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Teacup Cavalier King Charles Spaniel: Everything You Need to Know

The Teacup Cavalier King Charles Spaniel is a miniature version of a friendly and attentive dog. It can be a great lap dog, although it retains the sporty nature of the Cavalier Spaniel. 

Cavalier King Charles Spaniels are the biggest among toy breeds, and the teacup dog will work for you if you want a tiny version. It’s considered too active for its size and will enjoy playing with its family for hours. Keep reading to learn more about this dog. 

History of the Teacup Cavalier King Charles Spaniel

Mary, Queen of Scots, had her Spaniel accompany her until she was beheaded. This breed is named after her grandson Charles I and great-grandson Charles II, who never went anywhere without at least a couple of his cute Spaniels to accompany him. 

Breeders later bred new dogs that had flat faces. So, finding dogs that look like the ones shown in paintings created during the reign of King Charles II was challenging. In 1954, the Cavalier King Charles Spaniel Club, USA, was founded, and in 1995, AKC finally recognized the breed as a pure breed. 

Miniature teacups were bred over the years to be the perfect lap dogs. The AKC doesn’t recognize the Teacup Cavalier King Charles Spaniel as a separate breed. Instead, it’s considered a mini version of the original toy breed. 

Also known as the Teacup Cavs or Teacup Cavie, this dog has been specifically bred to be small. There are actually several ways in which the Teacup Cavalier King Charles Spaniel was bred.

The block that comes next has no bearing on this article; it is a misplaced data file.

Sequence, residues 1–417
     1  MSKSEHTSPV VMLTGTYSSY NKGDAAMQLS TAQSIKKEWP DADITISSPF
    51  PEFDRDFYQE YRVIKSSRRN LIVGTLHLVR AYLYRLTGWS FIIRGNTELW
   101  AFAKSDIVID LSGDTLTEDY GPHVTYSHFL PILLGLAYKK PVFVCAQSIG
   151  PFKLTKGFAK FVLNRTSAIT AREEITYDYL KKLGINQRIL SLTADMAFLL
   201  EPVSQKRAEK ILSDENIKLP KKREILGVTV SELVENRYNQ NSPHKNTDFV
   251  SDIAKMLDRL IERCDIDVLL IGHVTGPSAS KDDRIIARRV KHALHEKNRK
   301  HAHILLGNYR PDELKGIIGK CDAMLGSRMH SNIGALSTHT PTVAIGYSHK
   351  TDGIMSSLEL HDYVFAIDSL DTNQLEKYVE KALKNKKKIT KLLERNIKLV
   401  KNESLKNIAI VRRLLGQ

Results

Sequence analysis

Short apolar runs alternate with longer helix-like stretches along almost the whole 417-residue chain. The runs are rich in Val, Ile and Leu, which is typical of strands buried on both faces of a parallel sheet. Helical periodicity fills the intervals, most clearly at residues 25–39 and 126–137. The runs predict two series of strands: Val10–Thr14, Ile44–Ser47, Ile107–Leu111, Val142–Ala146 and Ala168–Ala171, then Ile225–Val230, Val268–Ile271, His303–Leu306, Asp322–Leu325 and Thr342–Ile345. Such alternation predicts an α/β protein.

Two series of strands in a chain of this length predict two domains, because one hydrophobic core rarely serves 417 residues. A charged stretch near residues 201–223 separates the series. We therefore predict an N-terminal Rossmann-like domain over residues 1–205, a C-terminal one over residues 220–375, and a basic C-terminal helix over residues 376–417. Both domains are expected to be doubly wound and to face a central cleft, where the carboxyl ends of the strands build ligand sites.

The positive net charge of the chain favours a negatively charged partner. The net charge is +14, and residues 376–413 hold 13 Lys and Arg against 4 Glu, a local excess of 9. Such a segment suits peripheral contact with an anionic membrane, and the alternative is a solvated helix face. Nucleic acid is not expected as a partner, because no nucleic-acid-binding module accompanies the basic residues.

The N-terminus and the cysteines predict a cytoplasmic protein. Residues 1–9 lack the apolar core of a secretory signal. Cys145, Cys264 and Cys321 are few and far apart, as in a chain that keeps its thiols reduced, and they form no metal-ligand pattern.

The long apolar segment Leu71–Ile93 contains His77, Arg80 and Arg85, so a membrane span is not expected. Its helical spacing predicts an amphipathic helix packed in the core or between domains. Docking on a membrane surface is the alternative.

Breeding From Runts

Runts are underweight puppies, and breeders breed them together to produce smaller-than-usual teacup dogs. Unfortunately, these puppies usually suffer from various health issues

Introducing the Dwarfism Gene

The dwarfism gene happens because of random genetic mutation. Dogs that carry this gene are prone to heart complications, spinal deformities, and underdeveloped muscles. Reputable breeders avoid this method because the litter produced will contain many sick puppies. 

Mixed With Other Breeds

Some breeders will breed the Cavalier King Charles Spaniel with another smaller dog to produce a Teacup Cavie. One of the pros of using this method is that there will be a bigger genetic pool, so the puppies will be able to avoid genetic abnormalities. Nevertheless, this method will lead to the creation of mixed-breed dogs

Teacup Cavalier King Charles Spaniel Facts

The Cavalier King Charles Spaniel is a highly athletic toy dog, so you might see it running, hiking, or participating in agility competitions. A Teacup Cavie will share the same love for outdoor activities and exercises, but it’s a bit weaker


This mini dog will look like a miniature version of the Cavalier King Charles Spaniel unless you’re getting a mixed-breed dog. It’s a beautiful happy dog, known to wag its tail to show its enthusiasm all the time. 

The Tea Cavie can be about 10 inches tall, while the original dog stands between 11 and 13 inches tall. A miniature dog can weigh as little as half the weight of the original Cavalier. So, it usually weighs less than 10 pounds

It has a compact body, a deep chest, and a fairly long neck and sloping shoulders. This dog’s small size makes it an excellent choice for apartments and condos. But it’s important to understand that this little dog has a fragile body and should be handled with care.